For cell growth experiments, melanocytes were plated in quadruplicate in 24-well plates at a density of 5.66 × 103 cells per cm2. Cell growth was monitored by counting cells in five randomly selected fields at high power. For cell invasion assays, 5 × 104 cells per chamber were used for each invasion assay. The upper parts of the 24 mm Transwell (Corning, Corning, NY, USA, 8.0-μm pore) were coated with 50 μl of a 1:2 mixture of Matrigel (BD Bioscience): phosphate-buffered saline. Then 100 μL of cell suspension and 500 μl of melanoma culture medium were added to the upper and lower compartments, respectively, and the plate was incubated for 48 h at 37 °C. Cells that had invaded the lower surface of the membranes were fixed with 2% paraformaldehyde and stained with hematoxylin. Random fields were counted by light microscopy at high power ( × 600). For adhesion assays, cells were suspended in serum-free MCDB153 medium (6 × 105 cells ml−1) and transferred in triplicate to CytoMatrix cell adhesion strips coated with human collagen type IV (Chemicon, Temecula, CA, USA) and were incubated for 90 min at 37 °C. After washing to remove unattached cells, the attached cells were stained with 0.2% crystal violet. The cell-bound stain was solubilized and the optical density (570 nm) was determined. All cell assays were performed at least three times.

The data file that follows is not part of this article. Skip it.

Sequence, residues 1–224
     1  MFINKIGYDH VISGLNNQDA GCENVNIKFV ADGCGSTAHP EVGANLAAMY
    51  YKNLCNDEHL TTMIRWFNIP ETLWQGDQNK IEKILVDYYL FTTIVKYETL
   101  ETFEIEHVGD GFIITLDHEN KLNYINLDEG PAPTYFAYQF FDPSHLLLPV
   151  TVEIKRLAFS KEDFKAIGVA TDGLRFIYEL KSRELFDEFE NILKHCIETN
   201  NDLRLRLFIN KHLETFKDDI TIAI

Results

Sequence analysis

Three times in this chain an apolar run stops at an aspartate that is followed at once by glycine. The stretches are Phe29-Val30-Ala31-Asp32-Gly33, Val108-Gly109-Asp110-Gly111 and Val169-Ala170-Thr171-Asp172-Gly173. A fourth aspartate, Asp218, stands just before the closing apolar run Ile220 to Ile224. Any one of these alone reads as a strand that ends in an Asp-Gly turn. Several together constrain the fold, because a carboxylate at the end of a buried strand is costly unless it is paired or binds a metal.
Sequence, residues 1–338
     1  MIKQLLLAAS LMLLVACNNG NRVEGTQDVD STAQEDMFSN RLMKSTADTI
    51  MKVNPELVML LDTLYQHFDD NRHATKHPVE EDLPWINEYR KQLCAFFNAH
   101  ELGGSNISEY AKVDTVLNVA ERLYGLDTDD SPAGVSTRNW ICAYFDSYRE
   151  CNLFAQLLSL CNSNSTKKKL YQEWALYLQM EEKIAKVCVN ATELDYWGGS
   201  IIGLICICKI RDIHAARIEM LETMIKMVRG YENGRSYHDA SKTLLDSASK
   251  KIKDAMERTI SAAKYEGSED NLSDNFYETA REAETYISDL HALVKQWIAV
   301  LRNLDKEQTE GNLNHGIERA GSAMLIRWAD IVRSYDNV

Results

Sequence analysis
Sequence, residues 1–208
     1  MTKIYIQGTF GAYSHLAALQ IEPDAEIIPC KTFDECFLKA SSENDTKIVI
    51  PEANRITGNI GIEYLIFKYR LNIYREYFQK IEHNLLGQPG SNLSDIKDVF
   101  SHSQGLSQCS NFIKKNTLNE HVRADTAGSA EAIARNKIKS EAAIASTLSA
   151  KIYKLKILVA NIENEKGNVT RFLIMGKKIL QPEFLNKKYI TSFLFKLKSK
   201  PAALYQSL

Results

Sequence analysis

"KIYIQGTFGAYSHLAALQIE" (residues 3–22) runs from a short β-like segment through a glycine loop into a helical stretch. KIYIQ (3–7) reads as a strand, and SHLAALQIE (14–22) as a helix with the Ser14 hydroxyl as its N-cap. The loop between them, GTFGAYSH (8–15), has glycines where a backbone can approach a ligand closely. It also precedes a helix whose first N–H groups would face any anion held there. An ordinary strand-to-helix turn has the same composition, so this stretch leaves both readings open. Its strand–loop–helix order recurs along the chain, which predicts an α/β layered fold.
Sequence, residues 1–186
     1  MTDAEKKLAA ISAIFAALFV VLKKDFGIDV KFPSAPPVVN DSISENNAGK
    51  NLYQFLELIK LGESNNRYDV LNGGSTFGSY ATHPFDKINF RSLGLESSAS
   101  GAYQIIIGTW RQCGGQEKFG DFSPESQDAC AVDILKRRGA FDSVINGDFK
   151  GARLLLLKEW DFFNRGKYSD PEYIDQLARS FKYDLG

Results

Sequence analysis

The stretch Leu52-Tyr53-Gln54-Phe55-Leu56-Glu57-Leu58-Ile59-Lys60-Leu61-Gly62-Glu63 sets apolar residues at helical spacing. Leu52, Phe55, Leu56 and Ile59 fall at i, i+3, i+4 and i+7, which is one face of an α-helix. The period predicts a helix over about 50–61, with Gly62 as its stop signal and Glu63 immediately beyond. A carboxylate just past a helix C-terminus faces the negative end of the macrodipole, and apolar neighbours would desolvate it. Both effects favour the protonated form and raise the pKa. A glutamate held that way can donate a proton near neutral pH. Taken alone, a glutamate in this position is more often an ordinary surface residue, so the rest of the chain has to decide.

Skin reconstructs were prepared as described (Hsu et al., 1998) with modifications. A total of 3 μl of fibroblasts (7.5 × 104 cells ml−1) in a 4:1 mixture of bovine type I collagen (Organogenesis, Canton, MA, USA): Matrigel (BD Bioscience) was added to each insert of tissue culture trays (Organogenesis) and were allowed to constrict in DMEM with 10% FBS for 7 days at 37 °C. For epidermal reconstruction, keratinocytes were mixed with melanoma cells at a ratio of 5:1 in epidermal growth medium composed of three parts DMEM and 1 part Ham's F-12 supplemented with 2.4 M CaCl2, 0.18 mM adenine, 4 mM glutamine, 10 mg ml−1 selenium, 10 μM ethanolamine, 0.1 mM O-phosphoryl ethanolamine, 10 μg ml−1 insulin, 10 μg ml−1 transferrin, 20 pM tri-iodothyronine, 0.5 μg ml−1 hydrocortisone and 4 pM progesterone. A total of 5 × 106 cells were seeded on each contracted collagen gel. Cultures were kept submerged in medium containing 1 ng ml−1 EGF and 0.1% dialysed newborn calf serum for 2 days, then in 0.2 ng ml−1 EGF and 0.1% dialysed newborn calf serum for another 2 days, and then were raised to the air–liquid interface via feeding from below with medium containing 2% dialysed newborn calf serum. After 14 days, skin reconstructs were fixed with 4% paraformaldehyde and were embedded in paraffin. The invasive capacity of melanoma cells was determined by morphological evaluation using H&E staining. Cellular identification of apoptotic cells in skin reconstructs was made by TUNEL staining (Roche Applied Science, Indianapolis, IN, USA) according to the manufacturer's instructions, and sections were subsequently stained with anti-S100 (Invitrogen) to identify melanoma cells. To analyse proliferation of melanoma cells in skin reconstructs, double-immunofluorescent staining was performed on sections of skin reconstructs with anti-S100 and anti-Ki67 (Invitrogen).